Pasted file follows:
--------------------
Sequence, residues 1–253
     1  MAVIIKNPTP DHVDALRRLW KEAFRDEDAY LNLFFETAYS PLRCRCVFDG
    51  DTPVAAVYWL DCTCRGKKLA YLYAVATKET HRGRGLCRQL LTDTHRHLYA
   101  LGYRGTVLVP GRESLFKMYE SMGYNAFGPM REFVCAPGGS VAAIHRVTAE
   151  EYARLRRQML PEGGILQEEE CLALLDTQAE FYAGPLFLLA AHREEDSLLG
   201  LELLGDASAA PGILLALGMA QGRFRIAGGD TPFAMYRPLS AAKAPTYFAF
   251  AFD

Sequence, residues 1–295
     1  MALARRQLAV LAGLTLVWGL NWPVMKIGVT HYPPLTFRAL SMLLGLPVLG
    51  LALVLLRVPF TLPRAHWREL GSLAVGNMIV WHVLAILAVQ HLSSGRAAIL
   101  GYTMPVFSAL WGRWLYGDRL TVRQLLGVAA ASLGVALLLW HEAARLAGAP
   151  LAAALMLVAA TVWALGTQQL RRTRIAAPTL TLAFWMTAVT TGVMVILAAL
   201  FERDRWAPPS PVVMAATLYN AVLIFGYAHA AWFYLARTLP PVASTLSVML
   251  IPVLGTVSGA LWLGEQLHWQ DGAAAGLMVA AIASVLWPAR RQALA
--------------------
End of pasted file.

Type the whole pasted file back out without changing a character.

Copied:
Sequence, residues 1–253
     1  MAVIIKNPTP DHVDALRRLW KEAFRDEDAY LNLFFETAYS PLRCRCVFDG
    51  DTPVAAVYWL DCTCRGKKLA YLYAVATKET HRGRGLCRQL LTDTHRHLYA
   101  LGYRGTVLVP GRESLFKMYE SMGYNAFGPM REFVCAPGGS VAAIHRVTAE
   151  EYARLRRQML PEGGILQEEE CLALLDTQAE FYAGPLFLLA AHREEDSLLG
   201  LELLGDASAA PGILLALGMA QGRFRIAGGD TPFAMYRPLS AAKAPTYFAF
   251  AFD

Sequence, residues 1–295
     1  MALARRQLAV LAGLTLVWGL NWPVMKIGVT HYPPLTFRAL SMLLGLPVLG
    51  LALVLLRVPF TLPRAHWREL GSLAVGNMIV WHVLAILAVQ HLSSGRAAIL
   101  GYTMPVFSAL WGRWLYGDRL TVRQLLGVAA ASLGVALLLW HEAARLAGAP
   151  LAAALMLVAA TVWALGTQQL RRTRIAAPTL TLAFWMTAVT TGVMVILAAL
   201  FERDRWAPPS PVVMAATLYN AVLIFGYAHA AWFYLARTLP PVASTLSVML
   251  IPVLGTVSGA LWLGEQLHWQ DGAAAGLMVA AIASVLWPAR RQALA